Food costs are still rising, as we see the food-at-home in February 2023 were 10.2 percent higher than in February 2022, and we feel it at the grocery store every day.
Yesterday Stefan came home from the store with four full plastic bags and a gallon of milk, and spent more than $200.
It is good thing we have emergency survival food we bought almost nine years ago, because it looks like we will be using it unless we win the lottery……..then again we don’t play the lottery, so there goes that idea.
With food inflation still topping overall inflation, and for some items, like cereals, we are talking 11%-12% increase from last year at this time.
Some key points from the USDA Economic Research Service’s March 2023 forecasts, which incorporate the February 2023 Consumer Price Index and Producer Price Index numbers.
• The food-at-home (grocery store or supermarket food purchases) CPI increased 0.3 percent from January 2023 to February 2023 and was 10.2 percent higher than February 2022
• In 2023, all food prices are predicted to increase 7.5 percent, with a prediction interval of 5.5 to 9.6 percent. Food-at-home prices are predicted to increase 7.8 percent, with a prediction interval of 5.3 to 10.5 percent. Food-away-from-home prices are predicted to increase 8.3 percent, with a prediction interval of 7.2 to 9.3 percent.
• Prices increased for 13 food-at-home categories between January 2023 and February 2023. Prices increased for all categories except fresh vegetables and eggs.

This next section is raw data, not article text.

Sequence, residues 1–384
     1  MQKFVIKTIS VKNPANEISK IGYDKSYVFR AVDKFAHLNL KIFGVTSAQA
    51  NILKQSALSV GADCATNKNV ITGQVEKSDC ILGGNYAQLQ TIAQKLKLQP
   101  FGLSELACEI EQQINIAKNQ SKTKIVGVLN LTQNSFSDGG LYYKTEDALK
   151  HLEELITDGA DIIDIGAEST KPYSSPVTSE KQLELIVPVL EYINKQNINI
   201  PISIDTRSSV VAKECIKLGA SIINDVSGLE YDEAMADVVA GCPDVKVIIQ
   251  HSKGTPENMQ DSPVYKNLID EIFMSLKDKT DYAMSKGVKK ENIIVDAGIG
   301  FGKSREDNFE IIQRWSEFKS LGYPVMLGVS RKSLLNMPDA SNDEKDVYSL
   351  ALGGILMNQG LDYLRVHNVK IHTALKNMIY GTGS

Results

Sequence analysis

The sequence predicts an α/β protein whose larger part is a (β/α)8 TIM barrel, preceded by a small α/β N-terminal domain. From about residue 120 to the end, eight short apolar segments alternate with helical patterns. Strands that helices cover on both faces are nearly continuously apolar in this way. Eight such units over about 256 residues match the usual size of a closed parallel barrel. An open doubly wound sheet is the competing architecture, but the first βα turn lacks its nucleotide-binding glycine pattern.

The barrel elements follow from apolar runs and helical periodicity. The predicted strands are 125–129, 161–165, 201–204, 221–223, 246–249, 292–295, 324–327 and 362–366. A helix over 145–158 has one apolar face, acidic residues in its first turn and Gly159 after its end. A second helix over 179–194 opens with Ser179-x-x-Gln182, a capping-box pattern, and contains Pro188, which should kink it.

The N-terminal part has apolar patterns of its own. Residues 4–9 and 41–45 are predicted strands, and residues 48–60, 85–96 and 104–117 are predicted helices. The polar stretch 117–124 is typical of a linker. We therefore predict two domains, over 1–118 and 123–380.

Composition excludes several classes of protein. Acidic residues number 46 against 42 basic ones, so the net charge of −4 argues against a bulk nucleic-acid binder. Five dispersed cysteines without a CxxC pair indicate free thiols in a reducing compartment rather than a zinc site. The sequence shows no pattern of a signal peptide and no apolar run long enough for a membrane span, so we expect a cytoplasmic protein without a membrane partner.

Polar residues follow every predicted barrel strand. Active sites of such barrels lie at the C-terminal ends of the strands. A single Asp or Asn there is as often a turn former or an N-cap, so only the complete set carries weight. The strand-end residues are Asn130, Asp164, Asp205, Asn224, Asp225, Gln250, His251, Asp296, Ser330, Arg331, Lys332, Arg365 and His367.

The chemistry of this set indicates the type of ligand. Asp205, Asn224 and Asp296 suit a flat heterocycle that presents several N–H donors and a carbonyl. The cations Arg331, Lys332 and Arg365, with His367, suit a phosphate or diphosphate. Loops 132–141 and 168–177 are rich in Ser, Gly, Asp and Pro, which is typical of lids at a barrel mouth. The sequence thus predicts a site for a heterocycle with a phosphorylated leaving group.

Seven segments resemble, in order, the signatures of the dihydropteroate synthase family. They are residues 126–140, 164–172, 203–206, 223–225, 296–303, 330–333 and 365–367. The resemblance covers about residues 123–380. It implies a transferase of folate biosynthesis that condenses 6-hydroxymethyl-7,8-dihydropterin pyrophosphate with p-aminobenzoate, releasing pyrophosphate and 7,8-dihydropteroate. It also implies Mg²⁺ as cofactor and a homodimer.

• In 2023, prices are predicted to increase for other meats (4.5 percent), poultry (3.4 percent), dairy products (6.4 percent), fats and oils (15.4 percent), processed fruits and vegetables (11.4 percent), sugar and sweets (11.1 percent), cereals and bakery products (11.7 percent), nonalcoholic beverages (10.7 percent), and other foods (8.5 percent).
• Retail egg prices decreased 6.7 percent in February 2023 but remained 55.4 percent above February 2022 prices. Egg prices are predicted to increase 29.6 percent in 2023, with a prediction interval of 13.4 to 48.9 percent. This wide prediction interval reflects the volatility in retail egg prices.
These are not numbers the MSM push at the people, as they prefer to focus on the lower “overall” inflation, yet food and water are the two items Americans cannot live without.
According to Foreign Policy, while we averted a “collapse of the global food system” in 2022, we are “one major crop failure or natural disaster away from a food system meltdown,” right now.
RICE WILL BE AN ISSUE……
“China is the largest rice and wheat producer in the world and is currently experiencing the highest level of drought in its rice growing regions in over two decades,” according to CNBC.
Another “major price driver” for rice is India, which has put restrictions on their rice exports
The key point in that report states “The global rice market is set to log its largest shortfall in two decades in 2023.”
While this doesn’t affect Americans as severely as those in other countries, rice is still one of the staple foods for Americans living paycheck-to-paycheck, and with the increased prices due to global shortages, buying in bulk ends up being cheaper in the long run.
Rice is not something we have focused on as much as meats and vegetables in the past, but for households that can barely make ends meet, rice is a staple used often.
Again, lucky for us, we prepared in advance, back when we actually had some money in the bank, so our buckets/pails of rice will last us a while.
I see a lot of rice and beans in my future.
Article by Susan Duclos
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